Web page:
"Dangerous" Dannie Williams hadn't been back to St. Louis since April, so he made his rounds before the weigh-in at the Amerisports Bar and Grill at the Ameristar Casino, slapping hands and giving hugs to his people.
It was the eve of the one of the biggest fights of his career, and he was restless and ready to box.
"We finished strong," he said of his training camp in Youngstown, Ohio, under trainer Jack Loew. "Got good sparring in the last couple of weeks."
Williams wore sunglasses, a red and black Southside Boxing Gym track jacket, and a black bandana over his thick dreads. Tonight's fight co-headlines ESPN's Friday Night Fights at 8 p.m. -- almost certainly making it Williams' most watched fight yet.
Williams' opponent, Antonio Cervantes, meanwhile, sat serenely at a table with his small entourage. He'll be the night's antagonist, fighting against an up-and-coming champ in his hometown. Cervantes, who has the weathered face of a proud Mexican fighter, leaned back in his chair and eyed the scene around him.
Women in white capris pants, fresh off a round at the slot machines, looked confused upon entering the restaurant and seeing short stone-faced youngsters standing on a podium in their underwear as grown men snapped photos. An elderly couple curiously glared at the table next to them where doctors were taking fighters' blood pressures, their stethoscopes tangled among Ketchup bottles and cutlery rolled in white napkins. The eatery had been transformed into a prizefighting spectacle.
The news of the night was the announcement that 114-pound amateur standout and St. Louis native Stephon Young will make his professional debut on the undercard, after barely missing the cut for the Olympic team last week. He has lightning fast hands and impeccable footwork, but just like any other fighter transitioning out of headgear and four round bouts, his chin and stamina have yet to be tested.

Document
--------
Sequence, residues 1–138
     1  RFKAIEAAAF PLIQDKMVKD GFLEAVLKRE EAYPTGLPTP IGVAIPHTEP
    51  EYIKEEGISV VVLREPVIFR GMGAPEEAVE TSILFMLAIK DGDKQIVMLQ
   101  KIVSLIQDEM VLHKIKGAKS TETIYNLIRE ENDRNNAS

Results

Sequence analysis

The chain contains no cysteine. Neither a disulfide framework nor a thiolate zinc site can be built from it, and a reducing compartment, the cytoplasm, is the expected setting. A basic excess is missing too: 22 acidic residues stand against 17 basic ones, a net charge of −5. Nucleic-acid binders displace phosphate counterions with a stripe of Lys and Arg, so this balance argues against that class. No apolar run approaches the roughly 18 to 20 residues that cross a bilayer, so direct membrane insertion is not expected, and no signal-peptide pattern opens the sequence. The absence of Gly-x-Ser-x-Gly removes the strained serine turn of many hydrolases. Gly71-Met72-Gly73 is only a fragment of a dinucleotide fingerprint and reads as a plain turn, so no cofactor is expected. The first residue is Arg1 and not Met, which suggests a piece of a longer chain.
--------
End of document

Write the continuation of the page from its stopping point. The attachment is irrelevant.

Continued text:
"Amateur boxing is more of a sprint," said Young's trainer Buddy Shaw. "Pros is a marathon, so you gotta train for a marathon."
The fighters on the card, presented by Rumble Time Production, took turns standing on the scale and posing for pictures. A parade of flashes rattled off when Kermit Cintron, the biggest name in the room and a former IBF welterweight champion, was introduced. He will be fighting Antwone Smith in the other main event.
On the table on the podium, Williams' WBC Continental Americas championship belt glimmered against the lights from television cameras. He and Cervantes took their places, standing toe to toe with their fists in front of their faces-- the usual promo-poster stance. At first they stared toward the horizon, then into each others eyes, trying not to move or blink as the cameras flashed. But Williams couldn't hold the front any longer, so he broke character and let loose a smile.
"Dannie, man, he's always smiling," said someone in the crowd.
The two men shook hands and descended the podium. Tonight they fight.